In the old days you just removed the prom and erased it then stuck it in a programmer, or left it to erase and took the next erased one and programmed it put it back in the socket in the board. That or pulled the mcu itself out and put it in the eraser and/or programmer.

Most now have a field programming solution or you can make your own field programming solution (in software) if there are enough pins. If not make a socketed board for the developer prototypes, and a fixture for reprogramming, or just throw the parts away until the developers get it right.

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Note, the datasheets for the parts tell you what you need to know, just read them...Get the datasheets for competing parts as well to see how they vary, and/or you can sample some and get breakout boards for under a buck, try a bunch of the different brands of mcus. – dwelch Mar 18 at 1:06
ARM makes cores not chips, so you cannot in any way shape or form combine the experience of Cortex-M0 parts across vendors, the part related to this discussion as absolutely nothing to do with arm nor the cortex-m0 it has everything to do with the chip vendors logic or other ip they bought. – dwelch Mar 18 at 1:07

As DerManu says, there's nothing magical about it -- just a lot of implementation details. People buy emulators because building and programming their own is a pain. Take a look some key items from the J-Link feature list:

• Intelligence in the emulator firmware [handling for weird edge cases]
• Compatible with all popular tool chains
• Support for multi core debugging
• Supports an unlimited number of software breakpoints in flash memory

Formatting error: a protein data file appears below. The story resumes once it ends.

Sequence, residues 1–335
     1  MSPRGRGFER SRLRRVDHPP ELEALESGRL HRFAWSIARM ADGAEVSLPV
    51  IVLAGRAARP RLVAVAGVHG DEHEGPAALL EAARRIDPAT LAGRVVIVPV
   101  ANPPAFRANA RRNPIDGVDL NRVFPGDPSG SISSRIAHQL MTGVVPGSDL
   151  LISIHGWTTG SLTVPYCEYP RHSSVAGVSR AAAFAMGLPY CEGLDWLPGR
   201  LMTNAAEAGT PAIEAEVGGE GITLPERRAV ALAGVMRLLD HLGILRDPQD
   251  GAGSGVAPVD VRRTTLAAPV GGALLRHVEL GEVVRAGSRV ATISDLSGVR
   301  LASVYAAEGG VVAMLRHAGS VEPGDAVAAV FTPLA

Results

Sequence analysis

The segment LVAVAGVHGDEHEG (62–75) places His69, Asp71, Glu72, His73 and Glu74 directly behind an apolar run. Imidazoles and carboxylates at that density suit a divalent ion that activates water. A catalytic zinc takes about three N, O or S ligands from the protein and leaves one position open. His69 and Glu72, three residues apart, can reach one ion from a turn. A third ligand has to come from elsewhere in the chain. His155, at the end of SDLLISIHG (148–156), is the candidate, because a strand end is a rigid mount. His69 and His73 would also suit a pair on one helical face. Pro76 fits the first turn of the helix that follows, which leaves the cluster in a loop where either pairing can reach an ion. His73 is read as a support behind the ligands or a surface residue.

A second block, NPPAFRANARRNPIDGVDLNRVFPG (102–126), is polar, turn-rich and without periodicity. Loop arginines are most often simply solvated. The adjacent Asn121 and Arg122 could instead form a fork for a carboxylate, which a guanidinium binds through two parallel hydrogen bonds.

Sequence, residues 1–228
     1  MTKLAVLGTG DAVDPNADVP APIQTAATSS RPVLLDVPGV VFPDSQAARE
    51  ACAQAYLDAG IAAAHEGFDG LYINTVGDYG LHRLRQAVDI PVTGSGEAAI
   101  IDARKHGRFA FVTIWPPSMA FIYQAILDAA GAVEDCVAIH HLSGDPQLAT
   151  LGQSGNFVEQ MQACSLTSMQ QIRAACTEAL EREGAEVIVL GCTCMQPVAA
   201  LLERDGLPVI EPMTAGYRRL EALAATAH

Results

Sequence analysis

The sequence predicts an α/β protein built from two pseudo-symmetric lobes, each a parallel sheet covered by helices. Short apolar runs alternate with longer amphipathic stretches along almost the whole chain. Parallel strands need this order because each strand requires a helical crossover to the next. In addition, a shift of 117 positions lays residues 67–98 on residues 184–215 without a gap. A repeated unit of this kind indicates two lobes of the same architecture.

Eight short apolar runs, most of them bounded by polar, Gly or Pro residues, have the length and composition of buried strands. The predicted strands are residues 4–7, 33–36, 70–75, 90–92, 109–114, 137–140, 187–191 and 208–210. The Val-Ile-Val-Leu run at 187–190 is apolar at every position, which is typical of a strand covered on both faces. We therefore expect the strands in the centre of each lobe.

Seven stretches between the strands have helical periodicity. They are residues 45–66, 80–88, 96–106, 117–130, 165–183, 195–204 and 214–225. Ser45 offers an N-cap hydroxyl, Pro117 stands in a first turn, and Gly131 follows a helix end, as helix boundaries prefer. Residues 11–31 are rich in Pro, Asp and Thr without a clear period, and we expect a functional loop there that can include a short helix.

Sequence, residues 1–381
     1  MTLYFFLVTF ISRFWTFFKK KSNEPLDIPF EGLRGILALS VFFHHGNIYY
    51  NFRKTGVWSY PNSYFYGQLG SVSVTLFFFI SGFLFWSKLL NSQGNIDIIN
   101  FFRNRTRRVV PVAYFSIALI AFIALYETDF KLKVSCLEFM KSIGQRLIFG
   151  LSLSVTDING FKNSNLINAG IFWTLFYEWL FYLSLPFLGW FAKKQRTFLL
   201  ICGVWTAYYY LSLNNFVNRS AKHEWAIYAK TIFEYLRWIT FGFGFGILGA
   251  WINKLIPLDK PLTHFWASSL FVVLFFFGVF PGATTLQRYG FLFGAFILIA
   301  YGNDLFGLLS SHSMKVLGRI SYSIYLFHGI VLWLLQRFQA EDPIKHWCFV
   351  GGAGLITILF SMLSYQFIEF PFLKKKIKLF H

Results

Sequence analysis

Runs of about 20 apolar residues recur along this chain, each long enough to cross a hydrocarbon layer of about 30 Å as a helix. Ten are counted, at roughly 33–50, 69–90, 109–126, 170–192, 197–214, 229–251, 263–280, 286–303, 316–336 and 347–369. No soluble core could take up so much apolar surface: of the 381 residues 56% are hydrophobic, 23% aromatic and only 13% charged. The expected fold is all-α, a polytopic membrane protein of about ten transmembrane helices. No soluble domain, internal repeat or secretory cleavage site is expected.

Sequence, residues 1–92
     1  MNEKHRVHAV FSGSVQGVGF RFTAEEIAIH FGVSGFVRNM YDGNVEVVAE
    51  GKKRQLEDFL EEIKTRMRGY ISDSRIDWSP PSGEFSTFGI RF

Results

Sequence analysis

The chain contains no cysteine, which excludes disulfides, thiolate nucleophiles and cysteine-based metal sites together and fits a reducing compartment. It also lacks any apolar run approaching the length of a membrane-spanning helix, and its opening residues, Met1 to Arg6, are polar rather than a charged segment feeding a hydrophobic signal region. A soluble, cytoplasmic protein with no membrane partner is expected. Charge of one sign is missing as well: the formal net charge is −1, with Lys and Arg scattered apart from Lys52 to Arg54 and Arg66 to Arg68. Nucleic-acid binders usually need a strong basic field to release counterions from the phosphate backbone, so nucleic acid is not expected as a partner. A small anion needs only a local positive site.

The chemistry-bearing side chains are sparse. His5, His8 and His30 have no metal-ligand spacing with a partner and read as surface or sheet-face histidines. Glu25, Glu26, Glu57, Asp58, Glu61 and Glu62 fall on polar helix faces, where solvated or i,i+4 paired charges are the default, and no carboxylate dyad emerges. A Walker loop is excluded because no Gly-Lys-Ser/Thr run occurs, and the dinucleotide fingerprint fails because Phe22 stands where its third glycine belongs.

• Setting breakpoints in external flash memory of Cortex-M systems is possible with J-Link's Unlimited Flash Breakpoints technology only!
• Cross platform support (Microsoft Windows, Linux, Mac OS X)
• Remote Server included. Allows using J-Link remotely via TCP/IP
• RDI / RDDI interface DLL available
• Software comes with free GDBServer, allowing usage of J-Link with all GDB-based debug solutions
• Production flash programming software (J-Flash) available
That's a lot of work! The low-end model is under $400 and the high-end model is about$1000, which is really not bad for a JTAG emulator with drivers, IDE support, remote debug hosting, etc. Remember that these have a narrow target market -- Segger is bragging about selling over 400,000 units! And the market is mostly other companies, who won't bat an eye at spending $1000 -- one good oscilloscope costs 5-10 times that much. The investment in software development for a given microcontroller is much, much larger than the investment for programming tools. You could certainly try making a programmer using an Arduino -- it might be a fun project. But it will definitely be a project, and not a quick hack. - Adam, I think that basically means that a non-commercial entity, like an individual, is SOL if they want to use an ARM processor in a project since most tools are expensive and geared towards companies, especially in comparison to Arduino since you can get started with two$2 Arduino clones, using one to program the other. Unfortunate. – Ana Mar 18 at 2:01
I don't think you're going to match $2, no. But it looks like the educational/non-profit version of the J-Link is only$60. I know Spectrum Digital has a sub-\$100 model that works on TI MCUs. That's within the reach of most hobbyists. – Adam Haun Mar 18 at 2:17